1.1 Modifiable Determinants of Active Ageing
1.1.1 Physical Activity
Among behavioural and lifestyle factors, physical activity (PA) is the considered the most important determinate of active ageing and has a major role in improving quality of life, reducing disability, and reducing morbidity in later life [10,11,12]. According to the guidelines published by the American College of Sports Medicine, it is recommended for older adults to engage in 150 minutes of moderate PA a week to obtain optimal health benefits . Overall, physical inactivity is the fourth leading risk factor contributing to deaths and burden of disease globally, ranking ahead of obesity [14,15]. There is a wealth of empirical evidence for the benefits of PA on the physiology of aging, including prevention of chronic diseases, improved mental health and overall wellbeing, as well as positive social outcomes [10,13,16,17]. Despite these benefits, high proportions of older adults globally, are living sedentary lives .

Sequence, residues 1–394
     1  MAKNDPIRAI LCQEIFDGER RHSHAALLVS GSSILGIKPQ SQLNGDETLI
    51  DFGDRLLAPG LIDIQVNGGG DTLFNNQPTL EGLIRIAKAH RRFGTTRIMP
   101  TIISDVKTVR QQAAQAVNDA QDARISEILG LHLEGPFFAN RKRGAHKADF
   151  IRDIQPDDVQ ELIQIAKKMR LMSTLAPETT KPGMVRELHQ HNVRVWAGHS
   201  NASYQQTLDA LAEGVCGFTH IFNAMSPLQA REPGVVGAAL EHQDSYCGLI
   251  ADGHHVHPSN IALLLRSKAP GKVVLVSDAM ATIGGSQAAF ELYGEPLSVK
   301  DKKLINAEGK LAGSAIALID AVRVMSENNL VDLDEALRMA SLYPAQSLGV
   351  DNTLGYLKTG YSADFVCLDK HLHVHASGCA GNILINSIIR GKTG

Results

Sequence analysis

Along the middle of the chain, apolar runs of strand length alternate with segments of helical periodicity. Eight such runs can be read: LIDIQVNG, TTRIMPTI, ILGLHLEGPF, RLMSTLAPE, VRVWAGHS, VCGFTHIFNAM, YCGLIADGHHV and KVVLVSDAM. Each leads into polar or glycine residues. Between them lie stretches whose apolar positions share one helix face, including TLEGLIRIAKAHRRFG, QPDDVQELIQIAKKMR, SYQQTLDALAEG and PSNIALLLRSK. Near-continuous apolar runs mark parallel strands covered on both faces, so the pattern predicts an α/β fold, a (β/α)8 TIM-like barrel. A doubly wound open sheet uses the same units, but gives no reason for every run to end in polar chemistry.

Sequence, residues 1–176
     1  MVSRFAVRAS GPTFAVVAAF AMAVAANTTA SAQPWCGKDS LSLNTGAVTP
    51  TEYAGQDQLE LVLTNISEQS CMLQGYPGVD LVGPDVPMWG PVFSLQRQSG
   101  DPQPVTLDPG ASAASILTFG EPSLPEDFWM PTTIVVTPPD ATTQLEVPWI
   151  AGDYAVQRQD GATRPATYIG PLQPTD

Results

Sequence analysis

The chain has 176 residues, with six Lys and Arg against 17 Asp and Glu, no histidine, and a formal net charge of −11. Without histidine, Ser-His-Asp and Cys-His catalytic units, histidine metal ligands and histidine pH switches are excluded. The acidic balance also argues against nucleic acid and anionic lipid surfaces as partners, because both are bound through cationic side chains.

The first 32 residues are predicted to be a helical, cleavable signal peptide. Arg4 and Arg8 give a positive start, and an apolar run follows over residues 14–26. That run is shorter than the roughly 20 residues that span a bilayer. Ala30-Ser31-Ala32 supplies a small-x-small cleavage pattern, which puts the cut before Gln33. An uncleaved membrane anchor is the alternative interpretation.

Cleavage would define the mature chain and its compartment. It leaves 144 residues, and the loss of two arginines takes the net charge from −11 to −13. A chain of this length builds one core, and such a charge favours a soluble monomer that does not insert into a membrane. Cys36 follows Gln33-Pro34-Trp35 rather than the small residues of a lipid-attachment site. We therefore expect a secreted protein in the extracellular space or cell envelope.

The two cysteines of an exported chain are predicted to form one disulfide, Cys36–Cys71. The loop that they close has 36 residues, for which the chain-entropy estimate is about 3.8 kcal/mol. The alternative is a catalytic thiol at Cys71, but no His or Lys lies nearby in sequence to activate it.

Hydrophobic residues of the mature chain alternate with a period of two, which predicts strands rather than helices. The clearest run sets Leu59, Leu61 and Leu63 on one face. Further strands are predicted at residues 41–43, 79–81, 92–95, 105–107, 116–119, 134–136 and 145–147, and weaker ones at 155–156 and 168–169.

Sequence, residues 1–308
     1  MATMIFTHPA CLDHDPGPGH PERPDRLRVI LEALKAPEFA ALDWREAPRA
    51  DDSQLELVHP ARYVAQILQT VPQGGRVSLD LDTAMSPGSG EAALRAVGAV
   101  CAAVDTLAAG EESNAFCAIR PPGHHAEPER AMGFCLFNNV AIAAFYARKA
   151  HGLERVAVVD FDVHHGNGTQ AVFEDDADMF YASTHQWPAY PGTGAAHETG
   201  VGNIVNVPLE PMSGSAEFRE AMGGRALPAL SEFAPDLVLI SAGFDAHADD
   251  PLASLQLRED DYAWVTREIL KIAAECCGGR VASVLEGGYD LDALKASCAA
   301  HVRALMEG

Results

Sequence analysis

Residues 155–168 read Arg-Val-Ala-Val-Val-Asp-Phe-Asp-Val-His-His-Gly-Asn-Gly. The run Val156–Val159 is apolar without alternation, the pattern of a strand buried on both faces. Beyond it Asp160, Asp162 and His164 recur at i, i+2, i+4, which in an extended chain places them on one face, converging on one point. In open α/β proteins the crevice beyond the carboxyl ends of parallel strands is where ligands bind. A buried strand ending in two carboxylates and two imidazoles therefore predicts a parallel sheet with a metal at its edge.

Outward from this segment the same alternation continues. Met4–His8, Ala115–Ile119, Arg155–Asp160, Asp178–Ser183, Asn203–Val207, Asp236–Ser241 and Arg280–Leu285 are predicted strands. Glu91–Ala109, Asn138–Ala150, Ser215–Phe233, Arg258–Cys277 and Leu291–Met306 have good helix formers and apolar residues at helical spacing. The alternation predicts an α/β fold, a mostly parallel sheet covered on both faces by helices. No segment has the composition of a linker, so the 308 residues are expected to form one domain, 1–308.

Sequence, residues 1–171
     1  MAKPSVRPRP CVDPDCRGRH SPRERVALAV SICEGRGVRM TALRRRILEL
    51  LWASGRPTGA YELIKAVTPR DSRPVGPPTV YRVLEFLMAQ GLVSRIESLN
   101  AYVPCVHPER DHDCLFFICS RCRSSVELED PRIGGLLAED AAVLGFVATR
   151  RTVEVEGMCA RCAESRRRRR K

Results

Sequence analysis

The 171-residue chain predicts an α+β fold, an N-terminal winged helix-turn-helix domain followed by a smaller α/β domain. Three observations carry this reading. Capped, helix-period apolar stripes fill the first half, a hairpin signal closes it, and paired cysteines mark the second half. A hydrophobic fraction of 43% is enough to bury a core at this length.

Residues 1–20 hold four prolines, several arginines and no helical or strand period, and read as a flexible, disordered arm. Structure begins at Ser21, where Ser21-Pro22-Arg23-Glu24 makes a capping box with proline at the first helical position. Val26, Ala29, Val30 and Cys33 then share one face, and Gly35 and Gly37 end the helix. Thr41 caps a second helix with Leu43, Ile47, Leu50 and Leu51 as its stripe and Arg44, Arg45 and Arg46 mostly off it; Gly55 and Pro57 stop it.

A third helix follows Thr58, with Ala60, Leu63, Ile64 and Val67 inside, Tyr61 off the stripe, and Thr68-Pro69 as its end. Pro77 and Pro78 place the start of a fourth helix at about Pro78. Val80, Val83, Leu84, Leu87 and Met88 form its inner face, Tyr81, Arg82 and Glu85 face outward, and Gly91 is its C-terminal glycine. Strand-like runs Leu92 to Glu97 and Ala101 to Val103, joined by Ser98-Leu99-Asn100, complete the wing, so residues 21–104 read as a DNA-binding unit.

1.1.2 Social Support